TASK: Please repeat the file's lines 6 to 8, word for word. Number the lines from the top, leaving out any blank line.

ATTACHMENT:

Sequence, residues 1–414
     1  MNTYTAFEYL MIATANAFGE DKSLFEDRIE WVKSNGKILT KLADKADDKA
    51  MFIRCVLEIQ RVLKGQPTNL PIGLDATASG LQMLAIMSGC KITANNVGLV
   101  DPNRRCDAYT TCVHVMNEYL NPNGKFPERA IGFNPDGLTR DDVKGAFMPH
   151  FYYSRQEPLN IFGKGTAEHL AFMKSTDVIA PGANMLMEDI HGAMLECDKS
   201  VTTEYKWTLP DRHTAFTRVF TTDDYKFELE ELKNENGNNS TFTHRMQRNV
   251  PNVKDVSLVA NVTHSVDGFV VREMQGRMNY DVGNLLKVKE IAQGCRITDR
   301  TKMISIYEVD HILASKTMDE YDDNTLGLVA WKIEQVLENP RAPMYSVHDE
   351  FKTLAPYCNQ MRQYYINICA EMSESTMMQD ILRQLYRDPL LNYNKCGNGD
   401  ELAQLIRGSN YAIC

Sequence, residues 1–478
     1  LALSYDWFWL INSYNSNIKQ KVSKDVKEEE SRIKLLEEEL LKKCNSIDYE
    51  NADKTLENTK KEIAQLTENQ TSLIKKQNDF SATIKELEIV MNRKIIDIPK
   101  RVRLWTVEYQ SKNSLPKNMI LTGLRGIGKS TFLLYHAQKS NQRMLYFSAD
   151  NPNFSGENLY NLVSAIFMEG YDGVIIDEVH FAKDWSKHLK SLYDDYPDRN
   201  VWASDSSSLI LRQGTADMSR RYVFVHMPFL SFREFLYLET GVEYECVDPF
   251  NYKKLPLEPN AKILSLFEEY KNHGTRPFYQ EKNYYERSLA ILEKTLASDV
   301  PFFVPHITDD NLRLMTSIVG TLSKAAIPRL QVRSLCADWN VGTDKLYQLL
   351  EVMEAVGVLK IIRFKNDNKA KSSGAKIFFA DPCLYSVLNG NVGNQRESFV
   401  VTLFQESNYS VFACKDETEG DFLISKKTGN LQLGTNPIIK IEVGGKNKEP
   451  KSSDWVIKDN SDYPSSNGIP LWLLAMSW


   201  VTTEYKWTLP DRHTAFTRVF TTDDYKFELE ELKNENGNNS TFTHRMQRNV
   251  PNVKDVSLVA NVTHSVDGFV VREMQGRMNY DVGNLLKVKE IAQGCRITDR
   301  TKMISIYEVD HILASKTMDE YDDNTLGLVA WKIEQVLENP RAPMYSVHDE